What remains then is a less stylized and more human picture of the Afro-European encounter. Contrary to prevailing notions, Africans and Europeans entered into mutually beneficial economic, social, and political relationships which made many on both sides extremely wealthy at the expense of the lower classes (an economic circumstance which has always dominated history). Africans and Europeans mingled and even intermarried at almost every level of society with restrictions of class and religion being infinitely more important than those of race. Of the many successful and long-lasting conversions to Christianity, those which were in any sense forced were the exception rather than the rule, and most accounts by actual Africans represent the choice of Christianity as a conviction of faith that they embraced rather than a decision of expediency. (Interestingly, Northrup points out as a historian what many theologians and ministers have been realizing for some time now, that the metaphysical world of tribal Africa is on many of its most important levels, compatible with Christianity.) Local artisans continued to create local crafts, local peoples continued to embrace local customs, and even “westernized” Africans remained acutely aware of their cultural heritage and those features of it which were non-negotiable just to suit their fascination with the technological and cultural advances of the West.
This is, of course, not to say that everything was rainbows and roses. Africans made war on Africans; Africans made war on Europeans; Europeans made war on Africans. Slaves were taken by Africans to be kept, to be sold to other Africans, or to be sold to Europeans (who would in turn typically resell them). Slaves ships, while probably not most accurately represented in the polemical accounts of the abolitionists, did have a one in eight mortality rate, with the cause of death ranging from disease, dehydration, capital punishment, and, all too often, suicide. However muted the inter-cultural animosity among Europeans and Africans was, it is an inescapable fact that many Africans ended up in the Americas where conditions were brutal and racism rampant, and, before long, European colonialism would irrevocably change the dynamic between the cultures.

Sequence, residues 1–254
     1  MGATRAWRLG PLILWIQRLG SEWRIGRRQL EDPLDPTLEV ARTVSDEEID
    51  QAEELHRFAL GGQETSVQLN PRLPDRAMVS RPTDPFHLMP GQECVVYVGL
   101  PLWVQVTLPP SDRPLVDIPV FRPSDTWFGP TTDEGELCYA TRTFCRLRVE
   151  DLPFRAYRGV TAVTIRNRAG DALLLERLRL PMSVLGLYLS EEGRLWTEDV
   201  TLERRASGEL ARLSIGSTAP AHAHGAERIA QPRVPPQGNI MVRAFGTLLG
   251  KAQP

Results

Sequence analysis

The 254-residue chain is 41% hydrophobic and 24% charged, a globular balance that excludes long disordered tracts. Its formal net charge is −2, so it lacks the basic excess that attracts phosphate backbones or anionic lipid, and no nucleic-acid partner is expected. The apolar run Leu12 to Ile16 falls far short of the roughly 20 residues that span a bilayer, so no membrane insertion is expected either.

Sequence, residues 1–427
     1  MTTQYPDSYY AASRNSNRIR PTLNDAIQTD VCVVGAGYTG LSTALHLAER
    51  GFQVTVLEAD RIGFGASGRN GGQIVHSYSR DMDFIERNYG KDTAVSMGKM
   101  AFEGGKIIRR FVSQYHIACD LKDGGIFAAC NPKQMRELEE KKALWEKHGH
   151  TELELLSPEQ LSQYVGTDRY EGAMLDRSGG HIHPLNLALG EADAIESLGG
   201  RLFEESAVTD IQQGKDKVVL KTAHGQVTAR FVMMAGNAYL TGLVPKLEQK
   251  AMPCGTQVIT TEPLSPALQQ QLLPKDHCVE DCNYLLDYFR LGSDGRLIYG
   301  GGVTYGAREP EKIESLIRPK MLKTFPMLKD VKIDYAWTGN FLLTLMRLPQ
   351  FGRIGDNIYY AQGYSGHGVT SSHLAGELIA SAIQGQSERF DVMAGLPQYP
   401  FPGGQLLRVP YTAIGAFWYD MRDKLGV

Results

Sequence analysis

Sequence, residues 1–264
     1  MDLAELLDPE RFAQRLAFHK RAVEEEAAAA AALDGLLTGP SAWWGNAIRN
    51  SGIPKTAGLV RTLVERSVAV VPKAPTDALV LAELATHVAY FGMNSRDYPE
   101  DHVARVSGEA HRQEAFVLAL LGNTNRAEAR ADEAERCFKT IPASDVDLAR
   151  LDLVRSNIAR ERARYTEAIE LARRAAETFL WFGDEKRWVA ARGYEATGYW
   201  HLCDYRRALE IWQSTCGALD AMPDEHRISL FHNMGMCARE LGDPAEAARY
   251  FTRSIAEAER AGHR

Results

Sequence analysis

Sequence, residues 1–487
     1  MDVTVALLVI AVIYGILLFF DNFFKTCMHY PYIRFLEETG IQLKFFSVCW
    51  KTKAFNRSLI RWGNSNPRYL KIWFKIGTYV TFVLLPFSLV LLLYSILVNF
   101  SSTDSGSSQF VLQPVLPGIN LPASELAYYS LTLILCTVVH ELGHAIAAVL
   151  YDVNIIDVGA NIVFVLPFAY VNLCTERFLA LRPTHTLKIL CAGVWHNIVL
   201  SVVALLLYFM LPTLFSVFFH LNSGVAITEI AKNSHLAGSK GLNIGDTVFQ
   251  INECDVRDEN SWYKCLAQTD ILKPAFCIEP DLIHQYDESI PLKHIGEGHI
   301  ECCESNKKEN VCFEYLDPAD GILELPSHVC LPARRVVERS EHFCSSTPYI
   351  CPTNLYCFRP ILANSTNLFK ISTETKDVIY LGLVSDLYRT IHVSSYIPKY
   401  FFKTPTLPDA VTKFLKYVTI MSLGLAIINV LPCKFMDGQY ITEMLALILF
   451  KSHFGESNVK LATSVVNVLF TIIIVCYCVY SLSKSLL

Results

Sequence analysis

Nevertheless, what Northrup offers is an account that steps away from using history in the ongoing blame-game and instead engages the accounts on their own terms. He admits that his credulity in reading some of the accounts will strike some historians as naive, but–and I cannot stress my agreement with him here too strongly–the alternative method of assuming a certain narrative and then discounting accounts which deviate from it is infinitely more suspect. What Northrup does instead is challenge the reader to take Africans at their word rather than assuming to speak for them, which seems to me to be a more pernicious form of racism anyway. The final product then is not only a great work of history covering a specific subject in a specific time period but also a convicting challenge to be wary of our inevitable and natural inclination to assume that history exists only in our default perspective of it.